Adding Yeast to Your Dough Mix
The type of yeast that you use—whether fresh, instant dry or active dry—makes a difference in the dough mixing process.
Q: What’s the best way to add yeast during the dough mixing process?
A: Lately I’ve been getting a lot of questions about the basics of dough production. In the coming months, I plan to address many of these questions, one at a time, in this space. Yeast is an essential but sometimes misunderstood ingredient, so let’s start here.
The type of yeast that you’re using for your dough mix makes a difference. Compressed or fresh yeast can be crumbled onto the flour—it does not need to be suspended in the water. Instant dry yeast (IDY) is best added without prehydrating. To do this, just add it in dry form directly to the flour in the mixing bowl.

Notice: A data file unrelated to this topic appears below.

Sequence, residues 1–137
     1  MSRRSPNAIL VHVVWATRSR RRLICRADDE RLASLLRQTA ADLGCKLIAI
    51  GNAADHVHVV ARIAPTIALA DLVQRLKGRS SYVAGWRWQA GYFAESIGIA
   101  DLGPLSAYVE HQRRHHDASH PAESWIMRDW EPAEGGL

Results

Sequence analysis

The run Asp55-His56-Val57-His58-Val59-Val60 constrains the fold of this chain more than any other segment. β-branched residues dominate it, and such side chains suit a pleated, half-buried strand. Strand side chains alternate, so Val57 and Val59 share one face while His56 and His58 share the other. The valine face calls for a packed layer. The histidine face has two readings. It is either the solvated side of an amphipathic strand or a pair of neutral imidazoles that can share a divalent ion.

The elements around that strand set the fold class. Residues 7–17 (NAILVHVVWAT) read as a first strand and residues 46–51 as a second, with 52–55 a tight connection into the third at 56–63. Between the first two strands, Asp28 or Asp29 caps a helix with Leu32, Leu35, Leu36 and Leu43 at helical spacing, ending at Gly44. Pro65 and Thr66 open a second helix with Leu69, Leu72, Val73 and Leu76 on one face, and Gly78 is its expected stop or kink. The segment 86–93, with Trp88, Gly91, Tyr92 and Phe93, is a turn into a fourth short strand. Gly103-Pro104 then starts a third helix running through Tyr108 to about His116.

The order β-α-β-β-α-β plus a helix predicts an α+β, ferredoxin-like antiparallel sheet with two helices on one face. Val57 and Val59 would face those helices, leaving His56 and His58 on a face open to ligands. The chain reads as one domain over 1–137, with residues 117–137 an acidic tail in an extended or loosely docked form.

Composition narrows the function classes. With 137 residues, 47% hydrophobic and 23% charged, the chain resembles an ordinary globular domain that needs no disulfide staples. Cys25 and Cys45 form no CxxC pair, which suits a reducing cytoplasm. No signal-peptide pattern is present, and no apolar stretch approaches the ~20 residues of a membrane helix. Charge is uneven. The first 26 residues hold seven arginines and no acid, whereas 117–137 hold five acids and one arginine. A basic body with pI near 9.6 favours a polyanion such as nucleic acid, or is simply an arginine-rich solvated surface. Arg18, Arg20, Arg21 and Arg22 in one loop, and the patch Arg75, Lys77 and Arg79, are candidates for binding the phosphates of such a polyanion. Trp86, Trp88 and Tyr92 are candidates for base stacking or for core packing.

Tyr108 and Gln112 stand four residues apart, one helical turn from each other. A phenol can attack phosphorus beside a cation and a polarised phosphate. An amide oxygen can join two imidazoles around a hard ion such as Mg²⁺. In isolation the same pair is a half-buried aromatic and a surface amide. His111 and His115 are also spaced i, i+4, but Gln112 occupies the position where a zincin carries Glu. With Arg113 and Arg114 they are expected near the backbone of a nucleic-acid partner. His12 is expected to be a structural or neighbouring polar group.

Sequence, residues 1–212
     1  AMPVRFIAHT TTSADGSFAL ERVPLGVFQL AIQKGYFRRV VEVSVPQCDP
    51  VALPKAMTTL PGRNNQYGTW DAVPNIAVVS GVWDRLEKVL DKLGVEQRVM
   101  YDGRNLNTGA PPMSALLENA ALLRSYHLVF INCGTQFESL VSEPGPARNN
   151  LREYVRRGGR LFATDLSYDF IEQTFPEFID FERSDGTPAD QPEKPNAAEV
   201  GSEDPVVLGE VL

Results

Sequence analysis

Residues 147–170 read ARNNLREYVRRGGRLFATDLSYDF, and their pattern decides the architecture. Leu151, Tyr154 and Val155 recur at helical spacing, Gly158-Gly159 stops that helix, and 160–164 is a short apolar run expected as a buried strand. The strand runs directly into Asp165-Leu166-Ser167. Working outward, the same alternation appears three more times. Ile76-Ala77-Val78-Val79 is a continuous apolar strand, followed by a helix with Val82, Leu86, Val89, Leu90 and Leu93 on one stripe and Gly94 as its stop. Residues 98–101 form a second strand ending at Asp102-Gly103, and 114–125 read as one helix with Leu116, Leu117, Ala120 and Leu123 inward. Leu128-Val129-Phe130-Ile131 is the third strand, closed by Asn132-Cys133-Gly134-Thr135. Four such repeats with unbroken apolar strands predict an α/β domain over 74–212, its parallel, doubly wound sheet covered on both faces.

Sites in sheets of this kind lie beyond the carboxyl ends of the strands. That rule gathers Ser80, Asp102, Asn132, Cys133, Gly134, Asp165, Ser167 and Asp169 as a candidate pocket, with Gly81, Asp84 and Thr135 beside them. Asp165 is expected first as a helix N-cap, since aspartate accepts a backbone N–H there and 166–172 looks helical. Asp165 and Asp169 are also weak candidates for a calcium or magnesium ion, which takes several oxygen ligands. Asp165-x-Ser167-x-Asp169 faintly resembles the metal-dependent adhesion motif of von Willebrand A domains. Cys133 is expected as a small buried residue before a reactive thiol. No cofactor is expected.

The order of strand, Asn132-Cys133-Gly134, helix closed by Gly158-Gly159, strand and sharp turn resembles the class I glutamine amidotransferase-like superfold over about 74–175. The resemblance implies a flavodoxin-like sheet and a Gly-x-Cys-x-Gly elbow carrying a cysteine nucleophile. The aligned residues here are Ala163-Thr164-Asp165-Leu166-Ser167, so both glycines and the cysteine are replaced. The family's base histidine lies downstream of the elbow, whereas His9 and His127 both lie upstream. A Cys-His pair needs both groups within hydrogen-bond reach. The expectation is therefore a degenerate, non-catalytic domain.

Active dry yeast (ADY), on the other hand, needs to be prehydrated first. Simply place the ADY into a small quantity of warm water (100°F), stir the liquid to create suspension, and allow it to hydrate until the slurry begins to develop bubbles on the surface. The hydrated yeast suspension can then be added to the dough water in the mixing bowl, or it can be poured onto the flour in the mixing bowl.
If you use a high-speed mixer—such as a vertical cutter mixer—the process will be a little different. Due to the very short mixing time, I recommend that you make a suspension of the yeast, regardless of the type of yeast being used. The compressed yeast should be put into the dough water and stirred until the yeast is completely suspended in the water. ADY will already be suspended, so there is no need to do anything different with it. The IDY will need to be hydrated. To do this, place the IDY into a small quantity of warm water (95°F) and stir to suspend, then set aside to hydrate/activate. Once you see bubbles beginning to form on the surface of the yeast suspension, it can be added to the mixing bowl in the same manner as ADY.